I decided to take a small street off Broadway to see where it lead. Much to my surprise it turned into several woodland blocks where Glen Echo Creek runs above ground. The sun was setting and I was barely able to capture workmen repairing a foot bridge over the creek. The houses along this street are a funny mix of 1970s apartment buildings, and brown shingles from the early 1900s, I couldn't believe that this quiet, rural setting still exists in our urban landscape. In Sonoma County, maybe. But Uptown Oakland? For more bridges, visit «Louis'» Sunday Bridges series.
Lake Merritt is actually a tidal basin and this afternoon was low tide. It's the first time I've seen the mussel colonies that grow everywhere in the lake and essentially feed the sea gulls. The birds were out in force, as were tons of people enjoying the mild afternoon. I had a long conversation with a woman who shared a lot of information about bird behavior. Uptown office buildings are reflected in the late afternoon sun. For more reflections, visit Weekend Reflections.
We don't have anything close to the autumn display you see in the east; but we do have the occasional flashes of color that so please the eye. This is another reason to visit Mt. View Cemetery. Happy Thanksgiving all.
Sequoyah Road in the East Oakland hills straddles that line between urban and rural. The road runs through unexpected housing tracts, a hundred year old country club, steep canyons and open creeks. I was quite taken by this 20s-30s house that reflects the influences of Spanish and early mission architecture. This style home is found throughout the Bay Area. Isn't it charming? I'll bet the inside has interesting tile work and wrought iron details. For more "S" photos, visit ABC Wednesday.
This mural was created in 1977 by a group of students from Laney Community College. This makes it one of the earliest murals in Oakland. It is on Claremont Avenue under the Highway 24 overpass. It was restored in 2003. A small little park is across the street. Surprisingly, the neighborhood uses it despite the whooshing sound of traffic above your head, and who knows what chemicals in the air. Somewhat ironic given the theme of the mural.
The City Hall cupola peeks out from behind a modern roof line a block away. A half moon watches all. As you can tell, we've continued to enjoy fine weather during the day. But the temperature drops dramatically as the sun sets. Rain is in the forecast for the weekend. For more Skywatch Friday offerings, click here.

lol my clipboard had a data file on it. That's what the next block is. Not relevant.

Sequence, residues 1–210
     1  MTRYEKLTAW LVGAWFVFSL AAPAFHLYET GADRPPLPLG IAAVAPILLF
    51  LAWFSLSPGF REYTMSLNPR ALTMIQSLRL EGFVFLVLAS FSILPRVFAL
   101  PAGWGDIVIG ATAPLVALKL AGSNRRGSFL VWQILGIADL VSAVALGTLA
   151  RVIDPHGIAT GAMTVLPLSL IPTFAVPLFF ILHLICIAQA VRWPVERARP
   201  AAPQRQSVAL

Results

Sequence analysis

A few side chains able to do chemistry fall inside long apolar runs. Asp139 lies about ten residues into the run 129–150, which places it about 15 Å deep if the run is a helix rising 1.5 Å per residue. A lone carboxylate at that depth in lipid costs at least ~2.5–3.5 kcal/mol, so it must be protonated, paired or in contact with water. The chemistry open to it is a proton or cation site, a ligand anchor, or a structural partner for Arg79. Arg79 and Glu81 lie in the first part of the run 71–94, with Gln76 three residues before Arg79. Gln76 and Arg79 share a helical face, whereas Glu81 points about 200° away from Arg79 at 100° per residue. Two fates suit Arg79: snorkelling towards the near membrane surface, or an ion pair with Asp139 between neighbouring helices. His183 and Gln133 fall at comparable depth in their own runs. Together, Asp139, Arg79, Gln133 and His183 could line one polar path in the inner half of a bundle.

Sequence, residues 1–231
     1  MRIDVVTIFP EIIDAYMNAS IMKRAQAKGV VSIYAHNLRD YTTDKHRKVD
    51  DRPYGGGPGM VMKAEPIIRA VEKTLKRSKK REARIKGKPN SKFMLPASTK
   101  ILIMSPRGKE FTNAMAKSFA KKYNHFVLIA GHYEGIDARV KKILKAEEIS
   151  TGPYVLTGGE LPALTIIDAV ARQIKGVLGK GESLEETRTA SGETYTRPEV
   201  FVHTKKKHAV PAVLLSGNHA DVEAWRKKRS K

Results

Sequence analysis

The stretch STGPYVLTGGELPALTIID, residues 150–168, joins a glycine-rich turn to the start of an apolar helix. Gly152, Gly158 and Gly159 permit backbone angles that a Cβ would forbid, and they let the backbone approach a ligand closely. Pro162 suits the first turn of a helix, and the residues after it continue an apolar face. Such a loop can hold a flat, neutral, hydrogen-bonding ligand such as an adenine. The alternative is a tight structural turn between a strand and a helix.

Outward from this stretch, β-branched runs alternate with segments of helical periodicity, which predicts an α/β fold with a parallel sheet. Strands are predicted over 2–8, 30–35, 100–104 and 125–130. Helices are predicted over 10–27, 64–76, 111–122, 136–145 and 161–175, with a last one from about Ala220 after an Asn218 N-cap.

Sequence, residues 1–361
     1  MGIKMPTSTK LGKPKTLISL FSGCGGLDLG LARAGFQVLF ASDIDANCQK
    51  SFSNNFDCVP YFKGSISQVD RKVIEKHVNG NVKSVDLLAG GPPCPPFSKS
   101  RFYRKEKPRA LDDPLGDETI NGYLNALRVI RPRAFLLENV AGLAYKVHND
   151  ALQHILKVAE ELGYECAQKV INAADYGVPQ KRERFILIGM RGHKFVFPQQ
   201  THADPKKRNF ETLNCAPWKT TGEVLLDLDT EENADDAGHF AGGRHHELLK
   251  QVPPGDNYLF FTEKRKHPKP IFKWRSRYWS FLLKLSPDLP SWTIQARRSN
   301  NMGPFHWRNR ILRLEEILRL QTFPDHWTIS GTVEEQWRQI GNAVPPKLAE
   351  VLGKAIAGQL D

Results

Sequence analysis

Across from the BART station posted yesterday is Market Hall. It contains several specialty shops including a pasta shop, butcher, bakery, greengrocer, fishmonger, wine shop, gelateria, and coffee shop. This flower stand brings some color to the sidewalk and draws attention to the building. Upstairs is a well known restaurant. There's lots of action around here all day long.
Rockridge is an upscale neighborhood in North Oakland. The Rockridge BART (our metro) station is on College Avenue which runs all the way to the UC campus in Berkeley. This line takes you directly to downtown San Francisco and the airport without having to change trains. This station is in the thick of a residential neighborhood along with restaurants, coffee shops, and all kinds of retail shops. For more "R" photos from around the world, visit ABC Wednesday.
Just a couple of months ago the free, green shuttle bus was introduced with no fanfare. It runs from Jack London Square to Lake Merritt with hop on, hop off privileges. But only Monday through Friday. I've read this is a precursor to building a trolley that is intended to run the same route. A trolley would be cool, but I'll believe it when I see it.
Both passenger and freight trains run down the middle of 1st Street, at the bottom of Broadway, along side of Jack London Square. Even though they are a common sight, this is the first time I've seen a warning on a locomotive. Four other trains came by while I was down there, but this was the only one with a message. This may be in response to several accidents and suicides on tracks around the bay this year. It definitely made me want to take a step back. This is my first time linking to Mellow Yellow Monday. Don't know about mellow, but it definitely qualifies for yellow.